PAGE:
“Do I Need Custom Insoles?” This is a question that patients frequently ask doctors, physical therapists, and pedorthists.  People with foot pain, knee pain, and back pain are often considering trying insoles for better support and potential pain relief.  And of course, custom orthotics would be the best, right?  Not necessarily.  You may be surprised to find out that for much of the population, Over the Counter (OTC) orthotics or insoles are very effective in providing support and relieving foot pain. 

Years ago, if you wanted a good orthotic it needed to be custom made.  But this fact has changed over time because health professionals have funneled their knowledge and research into making high quality OTC products.  There are quite a few OTC insoles that provide proper support at the foundation, giving many patients relief from foot pain and other structural pains going up through the chain of the body.

The key to an effective OTC insole is in choosing the right one.  When choosing an insole, it is important to understand that there are different insoles for different foot types.  The high arched foot will benefit from a different insole than a flat foot will, so it is important to make an informed choice when choosing your orthotic.  The best insoles will not just be soft, squishy, and bendable.  They will have a firm stability plate and a heel cup to help stabilize the foot and put it in an optimal position for gait (walking).  Some examples of high quality products can be seen in the insoles made by Cadence, Superfeet, Form, and Birkenstock.  The firmness at the base of these insoles is one feature that helps to make them so effective.

So how to choose the right orthotic for your foot type?  The Insole Advisor on insoles.com is a good place to start.  You will be asked a few simple questions about your feet, your shoes, and if you are experiencing any pain or just looking for support.  The quiz will guide you to a personalized recommendation for a high-quality OTC insole.  You may also be able to get a good recommendation from a health care professional that knows about high quality over the counter inserts.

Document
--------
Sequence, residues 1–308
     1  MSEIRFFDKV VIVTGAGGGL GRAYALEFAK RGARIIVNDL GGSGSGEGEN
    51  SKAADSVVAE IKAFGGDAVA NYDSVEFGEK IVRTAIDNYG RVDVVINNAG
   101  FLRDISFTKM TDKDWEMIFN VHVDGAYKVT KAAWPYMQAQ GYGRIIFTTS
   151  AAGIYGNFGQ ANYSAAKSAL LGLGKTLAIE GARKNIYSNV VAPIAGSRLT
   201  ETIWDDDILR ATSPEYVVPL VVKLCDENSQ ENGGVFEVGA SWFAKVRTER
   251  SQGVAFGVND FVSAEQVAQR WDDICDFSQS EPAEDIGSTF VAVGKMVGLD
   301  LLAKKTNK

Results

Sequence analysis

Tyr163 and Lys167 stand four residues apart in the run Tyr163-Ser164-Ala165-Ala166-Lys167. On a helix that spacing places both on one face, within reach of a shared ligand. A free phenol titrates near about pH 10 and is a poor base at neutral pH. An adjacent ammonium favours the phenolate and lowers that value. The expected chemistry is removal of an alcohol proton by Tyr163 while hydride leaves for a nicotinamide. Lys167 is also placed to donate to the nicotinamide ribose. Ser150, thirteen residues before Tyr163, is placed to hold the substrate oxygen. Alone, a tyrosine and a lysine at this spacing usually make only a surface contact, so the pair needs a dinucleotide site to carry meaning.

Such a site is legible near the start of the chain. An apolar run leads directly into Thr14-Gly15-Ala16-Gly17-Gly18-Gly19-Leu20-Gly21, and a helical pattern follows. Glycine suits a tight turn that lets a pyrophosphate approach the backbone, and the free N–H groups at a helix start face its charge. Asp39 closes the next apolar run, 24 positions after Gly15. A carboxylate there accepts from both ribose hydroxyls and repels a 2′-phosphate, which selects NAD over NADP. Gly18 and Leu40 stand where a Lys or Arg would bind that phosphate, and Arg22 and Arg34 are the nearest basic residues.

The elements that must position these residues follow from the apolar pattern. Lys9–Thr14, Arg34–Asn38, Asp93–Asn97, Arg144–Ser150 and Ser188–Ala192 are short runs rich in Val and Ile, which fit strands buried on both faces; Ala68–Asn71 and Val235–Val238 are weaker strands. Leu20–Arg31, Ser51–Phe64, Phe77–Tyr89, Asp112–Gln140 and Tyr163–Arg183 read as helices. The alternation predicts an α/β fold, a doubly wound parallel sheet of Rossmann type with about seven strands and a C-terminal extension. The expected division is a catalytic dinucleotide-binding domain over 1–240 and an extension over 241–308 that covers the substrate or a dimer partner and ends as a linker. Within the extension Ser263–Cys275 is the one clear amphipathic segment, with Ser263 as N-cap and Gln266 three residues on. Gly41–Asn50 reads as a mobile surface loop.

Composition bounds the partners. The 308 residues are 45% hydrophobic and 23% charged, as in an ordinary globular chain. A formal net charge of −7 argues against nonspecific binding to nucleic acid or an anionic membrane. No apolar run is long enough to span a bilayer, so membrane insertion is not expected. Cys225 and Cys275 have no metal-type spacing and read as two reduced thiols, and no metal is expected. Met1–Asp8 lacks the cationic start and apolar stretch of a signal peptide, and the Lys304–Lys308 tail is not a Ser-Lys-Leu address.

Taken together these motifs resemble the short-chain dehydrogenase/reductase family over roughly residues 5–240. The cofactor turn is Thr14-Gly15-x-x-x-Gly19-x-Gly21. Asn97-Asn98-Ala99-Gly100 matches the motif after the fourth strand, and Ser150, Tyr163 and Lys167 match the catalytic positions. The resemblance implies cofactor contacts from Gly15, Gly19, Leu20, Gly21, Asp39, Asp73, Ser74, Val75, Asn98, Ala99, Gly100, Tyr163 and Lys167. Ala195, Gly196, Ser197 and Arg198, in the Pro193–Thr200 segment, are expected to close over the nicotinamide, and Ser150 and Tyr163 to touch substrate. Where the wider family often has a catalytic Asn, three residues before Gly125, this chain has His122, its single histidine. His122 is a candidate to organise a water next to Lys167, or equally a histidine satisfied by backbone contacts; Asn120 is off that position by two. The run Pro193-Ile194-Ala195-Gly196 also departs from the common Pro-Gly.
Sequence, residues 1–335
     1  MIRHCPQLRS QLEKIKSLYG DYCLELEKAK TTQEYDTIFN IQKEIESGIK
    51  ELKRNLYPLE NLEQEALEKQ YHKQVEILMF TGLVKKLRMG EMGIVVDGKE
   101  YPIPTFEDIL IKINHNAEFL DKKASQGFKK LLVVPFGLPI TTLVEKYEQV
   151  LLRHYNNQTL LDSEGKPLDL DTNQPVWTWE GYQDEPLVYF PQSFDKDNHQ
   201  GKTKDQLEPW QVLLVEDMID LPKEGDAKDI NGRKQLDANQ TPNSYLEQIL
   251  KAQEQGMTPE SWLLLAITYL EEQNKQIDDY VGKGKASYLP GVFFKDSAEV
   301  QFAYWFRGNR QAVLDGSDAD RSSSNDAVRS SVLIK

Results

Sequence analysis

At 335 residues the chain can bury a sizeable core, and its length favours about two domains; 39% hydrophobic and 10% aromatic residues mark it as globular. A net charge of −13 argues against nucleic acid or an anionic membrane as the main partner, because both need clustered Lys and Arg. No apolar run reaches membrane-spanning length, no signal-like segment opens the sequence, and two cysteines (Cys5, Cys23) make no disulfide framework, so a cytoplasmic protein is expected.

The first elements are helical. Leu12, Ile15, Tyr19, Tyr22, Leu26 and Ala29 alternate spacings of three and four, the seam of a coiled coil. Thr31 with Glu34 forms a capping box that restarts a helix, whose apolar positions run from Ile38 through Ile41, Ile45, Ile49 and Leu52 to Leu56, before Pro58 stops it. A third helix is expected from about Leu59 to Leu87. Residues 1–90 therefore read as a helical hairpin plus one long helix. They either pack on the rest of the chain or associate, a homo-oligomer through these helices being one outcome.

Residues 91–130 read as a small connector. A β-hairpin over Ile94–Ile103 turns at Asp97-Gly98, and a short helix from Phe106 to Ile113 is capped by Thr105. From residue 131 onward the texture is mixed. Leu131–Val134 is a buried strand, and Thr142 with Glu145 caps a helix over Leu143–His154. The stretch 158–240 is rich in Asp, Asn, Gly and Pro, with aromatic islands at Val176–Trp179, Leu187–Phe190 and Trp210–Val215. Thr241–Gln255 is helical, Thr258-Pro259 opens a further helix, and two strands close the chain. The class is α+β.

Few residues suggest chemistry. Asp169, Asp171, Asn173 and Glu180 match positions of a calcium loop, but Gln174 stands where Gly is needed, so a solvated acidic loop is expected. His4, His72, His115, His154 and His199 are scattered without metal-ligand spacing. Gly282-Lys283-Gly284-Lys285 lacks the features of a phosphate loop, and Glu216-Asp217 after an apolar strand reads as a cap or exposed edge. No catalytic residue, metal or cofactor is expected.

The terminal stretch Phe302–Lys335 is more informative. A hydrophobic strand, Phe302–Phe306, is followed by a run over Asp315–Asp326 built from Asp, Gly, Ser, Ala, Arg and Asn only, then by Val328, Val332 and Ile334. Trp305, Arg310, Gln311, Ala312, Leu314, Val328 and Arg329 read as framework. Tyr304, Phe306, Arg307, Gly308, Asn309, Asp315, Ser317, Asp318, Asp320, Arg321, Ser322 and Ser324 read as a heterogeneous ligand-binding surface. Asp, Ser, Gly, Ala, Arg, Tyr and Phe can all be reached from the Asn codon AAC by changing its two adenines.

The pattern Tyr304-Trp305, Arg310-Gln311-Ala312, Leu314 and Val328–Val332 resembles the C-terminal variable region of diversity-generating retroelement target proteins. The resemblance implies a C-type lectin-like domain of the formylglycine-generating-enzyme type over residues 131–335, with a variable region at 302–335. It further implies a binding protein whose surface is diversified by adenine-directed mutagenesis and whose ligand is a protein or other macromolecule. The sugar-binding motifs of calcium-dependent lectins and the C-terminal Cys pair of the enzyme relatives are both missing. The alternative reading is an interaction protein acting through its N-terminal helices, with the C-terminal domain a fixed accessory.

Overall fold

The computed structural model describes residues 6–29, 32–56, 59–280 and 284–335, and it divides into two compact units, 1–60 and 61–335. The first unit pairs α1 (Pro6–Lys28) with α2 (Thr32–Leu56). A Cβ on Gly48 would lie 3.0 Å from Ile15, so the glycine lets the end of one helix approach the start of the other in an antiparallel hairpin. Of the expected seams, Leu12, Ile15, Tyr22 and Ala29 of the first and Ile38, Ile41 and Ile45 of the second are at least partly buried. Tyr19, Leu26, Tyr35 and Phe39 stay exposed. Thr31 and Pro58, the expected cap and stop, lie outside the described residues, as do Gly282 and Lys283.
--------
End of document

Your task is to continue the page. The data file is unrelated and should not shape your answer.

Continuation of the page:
There are a lot of cheap OTC products out there that don’t do much.  Maybe they provide a little extra cushion for a while.  But these just accommodate the foot, they don’t correct abnormalities with your gait in any way.  And in addition to this, adding squishy, soft cushion beneath the foot can cause more instability, which causes further stress on the feet, knees, hips, and back.  In the end this could actually cause further pain.  A good quality, effective OTC orthotic such as Cadence or

will most likely be in the price range of $45.00-$90.00, and as mentioned previously, will have some firmness at least to the base of the insole.  The price range of these inserts is notably more affordable than custom orthotics, which usually range from $250-$600 depending on the provider and method of fabrication. 

There are a few general guidelines for how an insole should feel beneath your foot.  Most importantly, the insole should not be uncomfortable or painful in any way.  It may feel a little different than normal and it may take a few days to adjust to wearing it, but it should not cause pain.  The insert should feel supportive either right beneath the entire arch or at the start of the arch by the heel.  If there is a metatarsal pad on the insole, that should be placed at the end of the arch right before the ball of your foot.  You do not want this bump directly beneath the ball of your foot because it can hinder the proper function of your toe bones.  Your insoles should feel fairly natural beneath your foot and the foot should be able to relax with the insole beneath it. 

OTC insoles are beneficial for many people, but there are absolutely cases in which custom orthotics are necessary.  Custom inserts are needed for those who have severe foot pathologies.  People with toe or partial foot amputations will find much benefit from custom inserts, as will those who have a condition such a Charcot foot.  Individuals with chronic foot pain which has not been relieved by good quality OTC insoles may find a greater benefit from custom inserts.  There are also certain conditions, such as hallux rigidus or hallux limitus, that can be difficult to accommodate in a prefabricated OTC insert.  It is easier to make minor adjustments on custom inserts in order to take pressure off certain areas of the foot, so if you need your insoles adjusted to accommodate certain painful areas then you may find more relief in customs.

Do you need customs insole?  Would they have more of a benefit for you than OTC orthotics?  Probably only you and your doctor can answer that question.  If you think you may be a good candidate for OTC orthotics they may be worth a try before investing in customs. Check out the Pedorthist approved insoles at insoles.com, you just might get the relief you are looking for!

Author

C-Ped, L-Ped

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